The U.S. has identified two Lebanese exchange houses, Kassem Rmeiti and Company and the Halawi Exchange, as being involved in money laundering.
The United States has identified two Lebanese exchange houses, Kassem Rmeiti and Company and the Halawi Exchange, as being involved in money laundering -- that is, for moving funds from illicit activities like drug trafficking through U.S. financial institutions -- in support of the Lebanon-based terrorist group Hezbollah.
David Cohen, U.S. Treasury Under Secretary for Terrorism and financial Intelligence, briefed reporters on the move at the State Department’s Foreign Press Center in Washington:
”We have taken this action today to protect the U.S. financial system from the illicit proceeds flowing through Rmeiti Exchange and the Halawi Exchange, to disrupt their activities and to deprive the international narcotics traffickers of key access points into the financial system.”
The formal designation of the two Lebanese institutions under Section 311 of the USA Patriot Act also exposes important links between them and Hezbollah, Mr. Cohen said:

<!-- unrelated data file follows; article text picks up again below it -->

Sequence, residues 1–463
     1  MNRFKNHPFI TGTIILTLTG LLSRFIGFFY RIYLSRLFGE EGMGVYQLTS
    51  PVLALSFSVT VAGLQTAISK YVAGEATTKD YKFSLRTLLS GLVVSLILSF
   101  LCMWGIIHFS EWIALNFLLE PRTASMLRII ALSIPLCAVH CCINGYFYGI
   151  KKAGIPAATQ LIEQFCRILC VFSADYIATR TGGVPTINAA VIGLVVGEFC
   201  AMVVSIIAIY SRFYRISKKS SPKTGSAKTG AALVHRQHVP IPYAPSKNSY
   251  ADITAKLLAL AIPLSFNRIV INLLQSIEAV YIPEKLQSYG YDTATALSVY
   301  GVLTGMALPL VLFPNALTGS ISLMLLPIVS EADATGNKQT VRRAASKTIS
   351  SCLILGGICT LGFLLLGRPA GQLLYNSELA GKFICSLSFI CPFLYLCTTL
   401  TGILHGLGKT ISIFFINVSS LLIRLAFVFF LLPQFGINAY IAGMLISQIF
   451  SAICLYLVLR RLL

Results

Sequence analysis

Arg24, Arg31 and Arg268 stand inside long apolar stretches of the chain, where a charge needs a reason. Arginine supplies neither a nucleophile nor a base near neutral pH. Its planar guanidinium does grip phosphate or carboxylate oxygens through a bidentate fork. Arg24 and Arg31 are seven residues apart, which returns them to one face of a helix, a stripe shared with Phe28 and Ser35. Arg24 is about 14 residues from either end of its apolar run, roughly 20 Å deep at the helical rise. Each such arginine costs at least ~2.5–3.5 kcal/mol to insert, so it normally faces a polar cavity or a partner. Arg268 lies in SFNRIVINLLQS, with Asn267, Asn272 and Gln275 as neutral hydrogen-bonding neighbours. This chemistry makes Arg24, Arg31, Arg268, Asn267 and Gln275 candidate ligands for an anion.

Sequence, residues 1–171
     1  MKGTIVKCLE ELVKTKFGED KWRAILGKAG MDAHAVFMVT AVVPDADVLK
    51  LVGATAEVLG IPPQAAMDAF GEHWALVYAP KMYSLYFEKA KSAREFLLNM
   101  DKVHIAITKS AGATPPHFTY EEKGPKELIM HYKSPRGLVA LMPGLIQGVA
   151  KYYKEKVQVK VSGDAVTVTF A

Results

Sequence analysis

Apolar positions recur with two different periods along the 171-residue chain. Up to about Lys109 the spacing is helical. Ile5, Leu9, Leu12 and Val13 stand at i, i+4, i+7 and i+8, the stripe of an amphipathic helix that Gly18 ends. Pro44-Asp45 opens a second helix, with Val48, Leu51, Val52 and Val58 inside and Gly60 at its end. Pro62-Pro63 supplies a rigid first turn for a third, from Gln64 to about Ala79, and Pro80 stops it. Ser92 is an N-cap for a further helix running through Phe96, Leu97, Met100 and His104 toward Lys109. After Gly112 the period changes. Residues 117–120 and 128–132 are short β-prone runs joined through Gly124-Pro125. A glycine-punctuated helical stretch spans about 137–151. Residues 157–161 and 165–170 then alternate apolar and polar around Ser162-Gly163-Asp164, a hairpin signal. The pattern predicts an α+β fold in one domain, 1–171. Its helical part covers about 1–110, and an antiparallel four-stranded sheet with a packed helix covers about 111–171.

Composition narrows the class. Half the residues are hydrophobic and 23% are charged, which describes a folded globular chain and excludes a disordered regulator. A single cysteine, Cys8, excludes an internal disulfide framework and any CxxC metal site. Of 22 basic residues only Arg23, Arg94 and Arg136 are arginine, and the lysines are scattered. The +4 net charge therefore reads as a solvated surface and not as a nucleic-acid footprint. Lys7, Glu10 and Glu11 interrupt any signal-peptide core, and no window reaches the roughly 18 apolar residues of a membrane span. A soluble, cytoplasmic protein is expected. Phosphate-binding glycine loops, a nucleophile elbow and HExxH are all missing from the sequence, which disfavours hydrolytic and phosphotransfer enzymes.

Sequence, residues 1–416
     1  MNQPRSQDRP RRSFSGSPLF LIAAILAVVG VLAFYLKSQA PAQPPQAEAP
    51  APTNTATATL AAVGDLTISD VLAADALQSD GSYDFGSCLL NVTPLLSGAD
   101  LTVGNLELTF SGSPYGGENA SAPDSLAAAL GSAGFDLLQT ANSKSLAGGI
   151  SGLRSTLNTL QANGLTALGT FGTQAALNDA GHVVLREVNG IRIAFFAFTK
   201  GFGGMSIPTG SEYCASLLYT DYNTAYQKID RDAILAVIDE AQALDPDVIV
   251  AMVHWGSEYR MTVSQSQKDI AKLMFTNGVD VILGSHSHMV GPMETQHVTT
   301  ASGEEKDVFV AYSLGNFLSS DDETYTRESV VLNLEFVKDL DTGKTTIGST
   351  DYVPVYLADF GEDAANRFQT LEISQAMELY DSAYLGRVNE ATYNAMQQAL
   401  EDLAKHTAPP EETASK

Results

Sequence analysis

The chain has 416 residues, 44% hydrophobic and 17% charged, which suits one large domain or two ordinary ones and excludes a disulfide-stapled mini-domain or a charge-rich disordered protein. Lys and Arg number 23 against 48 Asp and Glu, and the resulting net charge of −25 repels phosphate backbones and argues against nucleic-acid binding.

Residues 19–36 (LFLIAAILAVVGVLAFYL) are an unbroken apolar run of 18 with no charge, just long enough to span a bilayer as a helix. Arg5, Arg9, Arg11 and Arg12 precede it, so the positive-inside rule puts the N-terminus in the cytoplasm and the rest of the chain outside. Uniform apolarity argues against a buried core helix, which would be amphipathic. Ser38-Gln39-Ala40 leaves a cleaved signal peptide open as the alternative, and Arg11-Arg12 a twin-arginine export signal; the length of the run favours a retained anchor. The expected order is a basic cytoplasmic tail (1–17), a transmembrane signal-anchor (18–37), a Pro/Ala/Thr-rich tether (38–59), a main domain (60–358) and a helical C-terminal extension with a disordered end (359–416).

“Hezbollah has long sought access to the international financial system in order to move its terrorist funds and to launder the profits from its involvement in illegal activity. Make no mistake, Hezbollah is both a full-fledged terrorist organization, lavishly funded over the years by Iran, and an enterprise that increasingly turns to crime to finance itself as the economic pressure on Iran mounts and Iran’s financial situation becomes more tenuous."
Treasury Under Secretary Cohen pointed out that “the Lebanese financial sector is an integral part of the Lebanese economy, and today’s actions are an not an indictment of the Lebanese financial sector as a whole, but rather expose those actors who abuse it.
“Treasury maintains an ongoing and active dialogue with Lebanese authorities and with the Lebanese banking sector itself to underscore the importance of vigilance with respect to narco money laundering and other illicit financial activity,” said Mr. Cohen. “We are working closely with the Lebanese regulators and private financial institutions to help address the concerns highlighted in today’s action.”